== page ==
Defense Strategy in a Square Corner
A square corner is an apt description of the situation now facing the Defense Department. It has a strategy laid out in the 2014 Quadrennial Defense Review that could not possibly be executed with its current resources.
Two important documents underscore this bleak reality. One is a presentation given by Congressional Budget Director Douglas Elmendorf to the Economic Club of Minnesota in February. He started by revealing that the federal budget deficit has fallen sharply from the 2009 peak of $1.4 trillion to about $500 billion and only 3 percent of gross domestic product in 2014.
Does anyone recall the outrage and fulmination that accompanied President George W. Bush administration’s $450 billion deficit? And now we seem to be cheering a deficit of “only” $500 billion. To quickly puncture this short-lived celebration, Elmendorf goes on to say that the United States “has not made the fundamental choices it needs to make” to manage its fiscal future. And he notes that federal debt “remains on an unsustainable path.”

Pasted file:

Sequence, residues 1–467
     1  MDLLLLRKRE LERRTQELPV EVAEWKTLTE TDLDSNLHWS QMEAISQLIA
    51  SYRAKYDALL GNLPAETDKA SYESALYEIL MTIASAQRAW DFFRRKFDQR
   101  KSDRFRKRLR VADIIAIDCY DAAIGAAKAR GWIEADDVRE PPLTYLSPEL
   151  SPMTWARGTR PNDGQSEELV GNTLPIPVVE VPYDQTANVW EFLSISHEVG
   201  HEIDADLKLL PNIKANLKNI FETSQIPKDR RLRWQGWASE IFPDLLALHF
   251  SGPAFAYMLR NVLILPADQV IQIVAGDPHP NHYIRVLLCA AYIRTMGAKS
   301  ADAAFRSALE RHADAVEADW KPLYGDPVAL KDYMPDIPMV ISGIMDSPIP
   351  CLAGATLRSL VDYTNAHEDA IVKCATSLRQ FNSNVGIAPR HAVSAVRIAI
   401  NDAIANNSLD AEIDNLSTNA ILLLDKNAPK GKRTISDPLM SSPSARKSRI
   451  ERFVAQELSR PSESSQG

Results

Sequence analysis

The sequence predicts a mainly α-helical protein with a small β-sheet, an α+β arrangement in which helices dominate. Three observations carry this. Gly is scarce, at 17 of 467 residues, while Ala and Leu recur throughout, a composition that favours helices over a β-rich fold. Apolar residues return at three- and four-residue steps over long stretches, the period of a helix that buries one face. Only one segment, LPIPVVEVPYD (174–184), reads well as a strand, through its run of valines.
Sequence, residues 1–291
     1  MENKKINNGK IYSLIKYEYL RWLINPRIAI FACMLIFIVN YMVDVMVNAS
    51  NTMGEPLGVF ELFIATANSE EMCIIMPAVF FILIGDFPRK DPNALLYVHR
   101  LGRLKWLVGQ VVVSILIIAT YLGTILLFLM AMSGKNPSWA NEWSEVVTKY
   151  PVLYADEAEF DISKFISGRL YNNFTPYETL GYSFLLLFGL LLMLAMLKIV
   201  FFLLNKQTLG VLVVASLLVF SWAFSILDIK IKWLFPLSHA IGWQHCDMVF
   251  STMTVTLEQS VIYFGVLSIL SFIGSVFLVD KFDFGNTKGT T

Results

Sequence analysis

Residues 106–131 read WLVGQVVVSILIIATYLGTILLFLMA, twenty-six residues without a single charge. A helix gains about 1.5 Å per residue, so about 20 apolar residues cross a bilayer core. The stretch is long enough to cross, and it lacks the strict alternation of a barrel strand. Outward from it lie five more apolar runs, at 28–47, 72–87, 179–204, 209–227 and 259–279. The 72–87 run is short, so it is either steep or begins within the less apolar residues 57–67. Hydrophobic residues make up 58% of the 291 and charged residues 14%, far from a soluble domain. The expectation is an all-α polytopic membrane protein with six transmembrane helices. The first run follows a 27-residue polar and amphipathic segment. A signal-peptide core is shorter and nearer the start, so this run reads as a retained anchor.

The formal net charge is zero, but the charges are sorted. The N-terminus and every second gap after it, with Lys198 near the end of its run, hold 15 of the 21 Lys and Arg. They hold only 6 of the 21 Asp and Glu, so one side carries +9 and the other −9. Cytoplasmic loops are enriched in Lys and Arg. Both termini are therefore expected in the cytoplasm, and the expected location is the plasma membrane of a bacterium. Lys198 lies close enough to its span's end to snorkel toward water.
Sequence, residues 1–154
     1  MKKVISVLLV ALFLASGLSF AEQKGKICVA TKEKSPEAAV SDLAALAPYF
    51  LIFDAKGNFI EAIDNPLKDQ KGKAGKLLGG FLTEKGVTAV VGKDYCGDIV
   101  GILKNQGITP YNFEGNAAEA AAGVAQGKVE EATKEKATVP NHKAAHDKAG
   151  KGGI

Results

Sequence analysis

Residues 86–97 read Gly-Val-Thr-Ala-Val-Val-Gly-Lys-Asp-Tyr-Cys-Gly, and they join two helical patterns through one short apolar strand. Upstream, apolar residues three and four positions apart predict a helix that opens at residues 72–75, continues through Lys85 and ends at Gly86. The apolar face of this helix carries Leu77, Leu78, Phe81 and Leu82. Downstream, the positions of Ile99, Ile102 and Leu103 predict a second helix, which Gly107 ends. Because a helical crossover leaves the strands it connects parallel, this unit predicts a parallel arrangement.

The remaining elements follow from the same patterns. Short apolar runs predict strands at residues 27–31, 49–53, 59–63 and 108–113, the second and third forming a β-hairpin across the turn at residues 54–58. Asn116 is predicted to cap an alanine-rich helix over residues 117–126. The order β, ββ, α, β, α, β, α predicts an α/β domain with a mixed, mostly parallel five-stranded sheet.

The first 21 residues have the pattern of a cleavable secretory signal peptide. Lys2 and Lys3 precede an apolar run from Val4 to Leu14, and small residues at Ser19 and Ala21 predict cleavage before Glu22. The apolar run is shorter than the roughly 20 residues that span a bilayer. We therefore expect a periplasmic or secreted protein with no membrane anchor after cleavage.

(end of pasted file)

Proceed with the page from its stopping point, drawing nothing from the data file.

Between now and 2024, CBO projects deficits of 3 to 4 percent of GDP with publicly held debt rising to 80 percent of GDP. Government spending continues to rise to 22 percent of GDP with revenues lagging at 18 percent of GDP, while piling up more debt. Alarmingly, net interest on the debt rises to 3.3 percent of GDP. And projections of health care, Social Security and net interest are on the rise, with all other categories falling, including defense. With caps on discretionary spending set in the law, the non-discretionary components increase unconstrained.
This is, indeed, a dire picture of the nation’s financial situation and of the challenges that lie ahead. For example, a $4 trillion deficit reduction over 10 years merely returns us to the previous 40-year average. And this would require a one-fifth cut in Social Security or one-fifth cut in non-interest spending, or a 10 percent increase in taxes. It all comes down to reducing health care and retirement, or raising taxes.